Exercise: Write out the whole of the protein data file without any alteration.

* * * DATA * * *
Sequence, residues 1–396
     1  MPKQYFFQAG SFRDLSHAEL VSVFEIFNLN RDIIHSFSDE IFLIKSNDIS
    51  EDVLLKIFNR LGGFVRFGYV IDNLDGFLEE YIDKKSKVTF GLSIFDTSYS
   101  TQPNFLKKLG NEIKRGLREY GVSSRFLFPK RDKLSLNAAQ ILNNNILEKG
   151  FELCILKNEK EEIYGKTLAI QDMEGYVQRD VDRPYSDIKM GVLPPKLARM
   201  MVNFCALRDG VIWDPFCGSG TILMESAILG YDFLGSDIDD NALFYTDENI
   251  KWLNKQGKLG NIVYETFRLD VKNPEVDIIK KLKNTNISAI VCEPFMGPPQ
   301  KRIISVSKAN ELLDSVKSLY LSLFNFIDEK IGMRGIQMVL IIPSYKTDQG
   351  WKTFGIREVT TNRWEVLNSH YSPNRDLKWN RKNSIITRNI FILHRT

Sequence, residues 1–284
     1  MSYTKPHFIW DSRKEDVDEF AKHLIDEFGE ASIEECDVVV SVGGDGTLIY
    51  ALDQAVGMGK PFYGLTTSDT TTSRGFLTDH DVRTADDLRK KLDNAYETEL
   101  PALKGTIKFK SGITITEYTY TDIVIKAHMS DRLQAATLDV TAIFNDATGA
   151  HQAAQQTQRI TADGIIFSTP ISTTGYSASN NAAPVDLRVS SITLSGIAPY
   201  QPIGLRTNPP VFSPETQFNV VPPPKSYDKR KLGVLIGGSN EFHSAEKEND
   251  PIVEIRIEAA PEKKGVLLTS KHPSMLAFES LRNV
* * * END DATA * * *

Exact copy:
Sequence, residues 1–396
     1  MPKQYFFQAG SFRDLSHAEL VSVFEIFNLN RDIIHSFSDE IFLIKSNDIS
    51  EDVLLKIFNR LGGFVRFGYV IDNLDGFLEE YIDKKSKVTF GLSIFDTSYS
   101  TQPNFLKKLG NEIKRGLREY GVSSRFLFPK RDKLSLNAAQ ILNNNILEKG
   151  FELCILKNEK EEIYGKTLAI QDMEGYVQRD VDRPYSDIKM GVLPPKLARM
   201  MVNFCALRDG VIWDPFCGSG TILMESAILG YDFLGSDIDD NALFYTDENI
   251  KWLNKQGKLG NIVYETFRLD VKNPEVDIIK KLKNTNISAI VCEPFMGPPQ
   301  KRIISVSKAN ELLDSVKSLY LSLFNFIDEK IGMRGIQMVL IIPSYKTDQG
   351  WKTFGIREVT TNRWEVLNSH YSPNRDLKWN RKNSIITRNI FILHRT

Sequence, residues 1–284
     1  MSYTKPHFIW DSRKEDVDEF AKHLIDEFGE ASIEECDVVV SVGGDGTLIY
    51  ALDQAVGMGK PFYGLTTSDT TTSRGFLTDH DVRTADDLRK KLDNAYETEL
   101  PALKGTIKFK SGITITEYTY TDIVIKAHMS DRLQAATLDV TAIFNDATGA
   151  HQAAQQTQRI TADGIIFSTP ISTTGYSASN NAAPVDLRVS SITLSGIAPY
   201  QPIGLRTNPP VFSPETQFNV VPPPKSYDKR KLGVLIGGSN EFHSAEKEND
   251  PIVEIRIEAA PEKKGVLLTS KHPSMLAFES LRNV